While we were in the neighborhood of Central, Utah – which isn’t in central Utah but, rather, in southwestern Utah, about 35 or 40 miles from St. George – we took the opportunity to visit the site of the infamous 1857 Mountain Meadows Massacre. It is much more developed since the last time I was there, which was, I quickly realized, further back in the past than I had thought.
This is the place where, in September of that year, 1857, a group of Mormon militiamen (I can’t bring myself to use the term Latter-day Saint for them in this context) murdered more than 150 members of a passing non-Mormon wagon train. They may have had the help of some Paiutes, but the blame can’t be shifted.
It is, I think, by a considerable distance the most horrible and negative thing in the history of the Church of Jesus Christ of Latter-day Saints.
That said, though, I do not think that the Church, as such, is really connected with it. Nor do I think that it was essentially matter of religion. Let me clarify that: Some have tried to portray the Mountain Meadows Massacre as an expression of religious zeal and fanaticism. However, in my judgment, that is to misread it. It was an expression of fear. It was connected with religion in the sense that those Mormon militiamen, some of whom had experienced religious persecution and being driven from state to state, all of whom knew about the persecutions in New York and Ohio and Missouri and Illinois, feared for their homes and their families. They were afraid, with a U.S. army already headed for Utah territory to put down a non-existent “Mormon rebellion,” that they were about to be driven from their homes yet again. But where were they supposed to flee? In coming to settle the Great Basin West, they had already left the United States. When would it ever end?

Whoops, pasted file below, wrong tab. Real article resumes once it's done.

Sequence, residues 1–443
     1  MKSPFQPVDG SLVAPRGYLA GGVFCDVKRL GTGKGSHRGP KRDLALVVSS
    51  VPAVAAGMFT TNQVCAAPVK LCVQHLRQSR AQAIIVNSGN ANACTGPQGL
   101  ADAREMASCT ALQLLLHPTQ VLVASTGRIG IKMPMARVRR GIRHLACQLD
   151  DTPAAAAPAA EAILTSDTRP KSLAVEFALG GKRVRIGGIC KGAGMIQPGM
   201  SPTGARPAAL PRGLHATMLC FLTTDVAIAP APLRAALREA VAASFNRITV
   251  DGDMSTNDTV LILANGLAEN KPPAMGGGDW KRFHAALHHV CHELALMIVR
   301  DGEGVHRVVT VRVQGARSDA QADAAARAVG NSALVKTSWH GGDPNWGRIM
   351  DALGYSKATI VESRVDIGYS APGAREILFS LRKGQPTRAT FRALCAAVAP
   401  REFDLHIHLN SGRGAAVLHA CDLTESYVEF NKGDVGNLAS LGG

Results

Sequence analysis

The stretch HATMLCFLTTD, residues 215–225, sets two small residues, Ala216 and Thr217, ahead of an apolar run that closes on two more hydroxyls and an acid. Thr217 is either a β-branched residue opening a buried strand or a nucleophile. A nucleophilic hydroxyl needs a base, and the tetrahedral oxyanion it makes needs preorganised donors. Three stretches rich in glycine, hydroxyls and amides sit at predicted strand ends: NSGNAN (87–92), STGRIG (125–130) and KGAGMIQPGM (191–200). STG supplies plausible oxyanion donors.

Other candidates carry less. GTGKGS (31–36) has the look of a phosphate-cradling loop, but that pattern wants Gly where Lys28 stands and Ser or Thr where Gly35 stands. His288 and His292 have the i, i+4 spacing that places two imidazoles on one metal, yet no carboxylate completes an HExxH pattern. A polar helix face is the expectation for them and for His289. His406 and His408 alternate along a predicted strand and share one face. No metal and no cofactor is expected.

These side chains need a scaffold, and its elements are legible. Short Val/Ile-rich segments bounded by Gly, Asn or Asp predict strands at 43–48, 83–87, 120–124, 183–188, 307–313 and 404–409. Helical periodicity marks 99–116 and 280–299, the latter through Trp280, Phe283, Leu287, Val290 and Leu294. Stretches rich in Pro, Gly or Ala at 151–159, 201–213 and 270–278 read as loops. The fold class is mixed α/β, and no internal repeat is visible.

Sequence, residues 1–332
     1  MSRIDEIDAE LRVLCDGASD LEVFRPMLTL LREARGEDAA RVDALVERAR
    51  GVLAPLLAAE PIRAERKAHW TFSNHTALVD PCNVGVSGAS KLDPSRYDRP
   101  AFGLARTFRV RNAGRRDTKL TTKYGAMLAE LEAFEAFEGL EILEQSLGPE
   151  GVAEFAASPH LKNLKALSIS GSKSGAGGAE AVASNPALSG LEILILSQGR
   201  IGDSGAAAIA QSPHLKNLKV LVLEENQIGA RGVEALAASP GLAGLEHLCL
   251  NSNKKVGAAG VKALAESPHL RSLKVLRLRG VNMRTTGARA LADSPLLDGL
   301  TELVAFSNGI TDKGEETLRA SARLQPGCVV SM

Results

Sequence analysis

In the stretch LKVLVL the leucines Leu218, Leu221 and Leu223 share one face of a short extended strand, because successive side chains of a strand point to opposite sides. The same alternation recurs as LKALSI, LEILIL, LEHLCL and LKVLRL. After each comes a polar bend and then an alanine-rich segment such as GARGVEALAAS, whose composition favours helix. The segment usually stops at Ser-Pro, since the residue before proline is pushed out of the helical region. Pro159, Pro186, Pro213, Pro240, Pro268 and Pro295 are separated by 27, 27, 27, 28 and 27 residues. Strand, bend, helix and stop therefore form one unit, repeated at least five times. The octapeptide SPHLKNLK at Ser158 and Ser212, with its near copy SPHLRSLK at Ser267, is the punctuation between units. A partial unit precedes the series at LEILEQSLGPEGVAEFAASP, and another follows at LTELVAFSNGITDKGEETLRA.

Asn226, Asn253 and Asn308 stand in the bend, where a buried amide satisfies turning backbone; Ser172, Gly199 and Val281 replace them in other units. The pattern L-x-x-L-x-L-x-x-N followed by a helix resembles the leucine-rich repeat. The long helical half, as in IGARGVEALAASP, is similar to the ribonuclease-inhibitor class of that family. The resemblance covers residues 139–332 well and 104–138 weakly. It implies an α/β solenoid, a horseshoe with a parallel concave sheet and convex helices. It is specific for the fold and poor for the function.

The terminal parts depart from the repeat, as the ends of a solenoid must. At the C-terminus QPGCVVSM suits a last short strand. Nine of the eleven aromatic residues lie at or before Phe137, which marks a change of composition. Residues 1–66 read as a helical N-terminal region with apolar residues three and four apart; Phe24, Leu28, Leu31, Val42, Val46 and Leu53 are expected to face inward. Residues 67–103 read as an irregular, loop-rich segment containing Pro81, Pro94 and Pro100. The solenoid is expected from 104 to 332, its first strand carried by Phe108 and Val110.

And, so, one horrible decision followed upon another, and one of the most terrible events in the history of the American westward expansion occurred.
Some have sought to blame Brigham Young and senior leaders of the Church for the Massacre. But while, in retrospect, we might wish that some of the rhetoric had been toned down, there is simply no evidence that President Young or any of the apostles ordered the killings, and there is considerable evidence against that claim.
I don’t seek to justify what happened at Mountain Meadows. It was appalling and quite unjustified.
One of the things that fascinates me, however, is its illustration of the fact that even good people can be brought, under the right (wrong) circumstances, to do terrible things. These were not thugs or habitual criminals who carried out the killings. They were pious farmers and pioneers. The Massacre is, therefore, an admonition to us to watch constantly, lest we fall into an analogous trap. Few of us will become involved in mass murder, of course, but we might well be lured by peer pressure, by a boss’s expectations, or whatever to engage in unethical acts, or to join in injustice or unkindness that we would not do on our own. .
I would actually like, someday, to give a sacrament meeting talk or a fireside on the Mountain Meadows Massacre. Not merely or largely to talk about what happened — there are excellent historians for that — but to seek to draw religious and spiritual lessons from it.
When we were there on Wednesday, the weather was beautiful. The place was serene. It was almost exactly the same time of the year on which the Mountain Meadows Massacre occurred. (Most of it, strikingly, happened on 11 September.) It’s a solemn spot. I’m glad that we went.